Linked by Thom Holwerda on Wed 15th Aug 2007 21:37 UTC
Novell and Ximian In the wake of last week's ruling that Novell, and not SCO, controls the copyrights covering UNIX, Novell is reassuring Unix users that it has no plans to follow in SCO's footsteps. Given that the company is no longer in the business of selling UNIX, it has no reason to pursue any copyright claims.
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RE[3]: Open Message to Novell
by lemur2 on Thu 16th Aug 2007 11:41 UTC in reply to "RE[2]: Open Message to Novell"
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Put it all into OIN and under the GPL. = put all the UNIX copyrights the court declared your's last week in OIN and under the GPL.

Not the same thing that your discussing. If the UNIX copyright had been in OIN , then OIN would have been at the basis of the defense of everyone involved against SCO.


OIN is for patents, not for copyrights.

There was (and still is) ample defense of Linux against charges of copying from Unix simply by virtue of the fact that there is no Unix code in Linux. There is no need (in terms of defending Linux) to have Unix code released under the GPL.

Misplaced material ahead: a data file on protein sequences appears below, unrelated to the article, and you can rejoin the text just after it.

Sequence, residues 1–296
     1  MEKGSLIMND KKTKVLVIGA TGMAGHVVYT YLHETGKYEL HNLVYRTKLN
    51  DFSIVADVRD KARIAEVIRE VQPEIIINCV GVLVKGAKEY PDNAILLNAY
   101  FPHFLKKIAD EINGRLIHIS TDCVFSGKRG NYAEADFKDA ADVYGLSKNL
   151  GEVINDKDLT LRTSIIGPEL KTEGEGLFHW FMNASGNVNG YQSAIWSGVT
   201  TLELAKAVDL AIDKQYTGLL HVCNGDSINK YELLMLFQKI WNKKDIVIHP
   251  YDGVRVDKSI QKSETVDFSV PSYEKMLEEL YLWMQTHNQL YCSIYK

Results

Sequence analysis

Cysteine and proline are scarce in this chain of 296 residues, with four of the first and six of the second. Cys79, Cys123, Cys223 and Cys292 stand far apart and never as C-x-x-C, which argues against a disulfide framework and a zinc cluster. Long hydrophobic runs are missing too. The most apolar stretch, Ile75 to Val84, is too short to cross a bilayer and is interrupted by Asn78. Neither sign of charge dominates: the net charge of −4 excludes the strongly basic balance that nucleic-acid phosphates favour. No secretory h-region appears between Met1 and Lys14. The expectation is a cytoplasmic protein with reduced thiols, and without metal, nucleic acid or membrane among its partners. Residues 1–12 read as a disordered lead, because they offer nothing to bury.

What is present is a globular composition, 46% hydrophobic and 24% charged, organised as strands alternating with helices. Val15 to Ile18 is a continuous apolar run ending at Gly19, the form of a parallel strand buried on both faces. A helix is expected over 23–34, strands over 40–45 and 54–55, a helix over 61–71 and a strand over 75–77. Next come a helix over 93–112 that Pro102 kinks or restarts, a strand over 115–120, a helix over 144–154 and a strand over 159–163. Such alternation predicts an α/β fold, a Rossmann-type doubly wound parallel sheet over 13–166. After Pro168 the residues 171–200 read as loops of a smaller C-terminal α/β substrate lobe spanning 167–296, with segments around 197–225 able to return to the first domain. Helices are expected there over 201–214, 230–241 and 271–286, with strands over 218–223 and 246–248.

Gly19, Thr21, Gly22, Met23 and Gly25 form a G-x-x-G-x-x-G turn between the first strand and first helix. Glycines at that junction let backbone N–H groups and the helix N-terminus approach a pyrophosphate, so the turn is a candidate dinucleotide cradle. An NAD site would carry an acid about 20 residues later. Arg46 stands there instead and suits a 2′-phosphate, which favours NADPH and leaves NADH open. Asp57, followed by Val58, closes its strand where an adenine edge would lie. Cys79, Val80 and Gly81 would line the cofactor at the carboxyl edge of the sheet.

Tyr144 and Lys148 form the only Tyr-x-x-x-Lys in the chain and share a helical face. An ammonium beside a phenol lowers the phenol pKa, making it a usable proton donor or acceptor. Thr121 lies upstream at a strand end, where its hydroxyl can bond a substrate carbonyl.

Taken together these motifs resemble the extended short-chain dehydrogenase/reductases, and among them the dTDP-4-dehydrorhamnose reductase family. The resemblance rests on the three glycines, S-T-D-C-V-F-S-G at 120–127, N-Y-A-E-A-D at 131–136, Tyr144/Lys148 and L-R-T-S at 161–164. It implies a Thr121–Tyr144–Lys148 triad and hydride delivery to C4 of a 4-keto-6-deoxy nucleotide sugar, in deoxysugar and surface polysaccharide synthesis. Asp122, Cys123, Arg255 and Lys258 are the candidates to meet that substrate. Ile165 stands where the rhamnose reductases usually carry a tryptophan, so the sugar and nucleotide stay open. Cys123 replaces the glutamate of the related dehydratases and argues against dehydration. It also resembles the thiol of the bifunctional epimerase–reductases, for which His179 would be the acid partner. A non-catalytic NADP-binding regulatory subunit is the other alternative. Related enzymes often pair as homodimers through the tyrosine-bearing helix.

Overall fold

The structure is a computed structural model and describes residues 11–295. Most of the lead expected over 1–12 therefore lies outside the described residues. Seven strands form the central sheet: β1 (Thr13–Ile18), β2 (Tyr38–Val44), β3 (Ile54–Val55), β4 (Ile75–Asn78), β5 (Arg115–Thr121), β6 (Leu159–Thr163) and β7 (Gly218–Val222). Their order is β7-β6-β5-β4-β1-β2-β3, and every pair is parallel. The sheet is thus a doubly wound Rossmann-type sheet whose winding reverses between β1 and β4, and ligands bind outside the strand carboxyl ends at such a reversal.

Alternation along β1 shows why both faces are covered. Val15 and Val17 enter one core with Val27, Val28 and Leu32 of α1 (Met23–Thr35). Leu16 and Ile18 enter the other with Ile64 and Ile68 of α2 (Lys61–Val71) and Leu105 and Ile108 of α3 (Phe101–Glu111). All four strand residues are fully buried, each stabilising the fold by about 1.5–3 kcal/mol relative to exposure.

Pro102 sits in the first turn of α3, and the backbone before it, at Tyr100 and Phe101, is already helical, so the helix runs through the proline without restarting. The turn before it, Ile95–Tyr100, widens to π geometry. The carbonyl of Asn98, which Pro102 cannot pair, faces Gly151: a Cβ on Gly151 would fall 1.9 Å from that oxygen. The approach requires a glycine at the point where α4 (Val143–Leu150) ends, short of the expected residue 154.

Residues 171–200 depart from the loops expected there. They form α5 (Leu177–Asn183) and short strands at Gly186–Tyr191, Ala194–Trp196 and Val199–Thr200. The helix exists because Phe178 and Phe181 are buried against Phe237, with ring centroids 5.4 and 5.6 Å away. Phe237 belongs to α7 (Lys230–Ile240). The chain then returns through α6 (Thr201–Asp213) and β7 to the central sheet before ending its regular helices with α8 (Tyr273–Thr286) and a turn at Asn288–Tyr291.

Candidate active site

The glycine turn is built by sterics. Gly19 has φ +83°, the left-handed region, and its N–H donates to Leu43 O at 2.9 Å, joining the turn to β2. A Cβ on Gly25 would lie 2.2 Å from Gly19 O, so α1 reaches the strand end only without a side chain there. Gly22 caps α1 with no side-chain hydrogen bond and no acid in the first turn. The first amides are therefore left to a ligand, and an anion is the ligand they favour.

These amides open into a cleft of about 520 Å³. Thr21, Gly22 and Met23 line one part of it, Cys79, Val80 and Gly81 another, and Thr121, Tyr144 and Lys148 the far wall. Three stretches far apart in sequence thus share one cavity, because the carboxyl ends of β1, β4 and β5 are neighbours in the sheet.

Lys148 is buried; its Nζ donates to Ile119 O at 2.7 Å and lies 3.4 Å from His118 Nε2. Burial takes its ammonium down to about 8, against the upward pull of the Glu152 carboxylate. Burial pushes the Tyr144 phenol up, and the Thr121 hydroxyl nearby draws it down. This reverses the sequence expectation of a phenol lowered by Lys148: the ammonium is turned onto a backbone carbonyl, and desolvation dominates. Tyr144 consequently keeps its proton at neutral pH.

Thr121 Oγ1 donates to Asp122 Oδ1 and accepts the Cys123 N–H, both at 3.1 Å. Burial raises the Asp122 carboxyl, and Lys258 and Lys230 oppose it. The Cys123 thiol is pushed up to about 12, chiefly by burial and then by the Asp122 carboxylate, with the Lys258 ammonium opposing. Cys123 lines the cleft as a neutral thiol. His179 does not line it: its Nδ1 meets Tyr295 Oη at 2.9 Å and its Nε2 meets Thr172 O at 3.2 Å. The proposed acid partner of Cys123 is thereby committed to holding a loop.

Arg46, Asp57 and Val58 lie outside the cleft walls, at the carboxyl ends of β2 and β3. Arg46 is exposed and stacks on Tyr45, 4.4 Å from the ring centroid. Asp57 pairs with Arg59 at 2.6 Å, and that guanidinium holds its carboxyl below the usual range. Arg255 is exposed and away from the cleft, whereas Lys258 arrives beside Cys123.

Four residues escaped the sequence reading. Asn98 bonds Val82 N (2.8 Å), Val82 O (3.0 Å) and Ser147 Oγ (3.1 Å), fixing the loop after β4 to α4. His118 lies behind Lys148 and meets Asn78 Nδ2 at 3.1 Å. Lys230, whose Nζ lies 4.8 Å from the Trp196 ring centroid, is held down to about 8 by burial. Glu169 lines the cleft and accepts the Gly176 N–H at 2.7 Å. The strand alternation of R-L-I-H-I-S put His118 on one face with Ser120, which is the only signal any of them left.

GNU was created because Unix Copyright where closed. ...

You have completely no idea what your talking about at all , here! Do you really think that Unix copyright being made GPL as part of OIN would not be the #1 news , for MONTHS ? Do you have any idea what technology are under it ? and what it's controlling ? What it really means ? What ramification to all other OS it as ? NO ... so please , really , zip it.

Zip it yourself.

(1) OIN is for patents, not copyright.

(2) Unix code is already open source insofar as Unix 32V (ancient Unix) and the BSDs go.

(3) There are literally hundreds and hundreds of textbooks which explain in detail how Unix internals work. Here are just some of them:

(4) Linux is not a copy of Unix, so it doesn't matter anyway.

You seem very, very confused about the difference between patents and copyrights.

Read up here:
"A copyright covers the expression of an idea, not the idea itself this is called the idea/expression or fact/expression dichotomy."

"Another example could be if a book is written describing a new way to organize books in a library, a copyright does not prohibit a reader from freely using and describing that concept to others; it is only the particular expression of that process as originally described that is covered by copyright. One might be able to obtain a patent for the method, but that is a different area of law."

I know exactly why GNU/Linux was created ... it is your understanding that is under question.

It is all here:

If GNU/Linux and UNIX are made as one under the GPL ... There is a really big patch coming for the next release of all GNU/Linux related software and even more so in the kernel , plus tons of driver and protocol changes/additions.

I think you are very much out of touch here. Linux has all the drivers, not Unix. Linux is steadily eating Unix's lunch.

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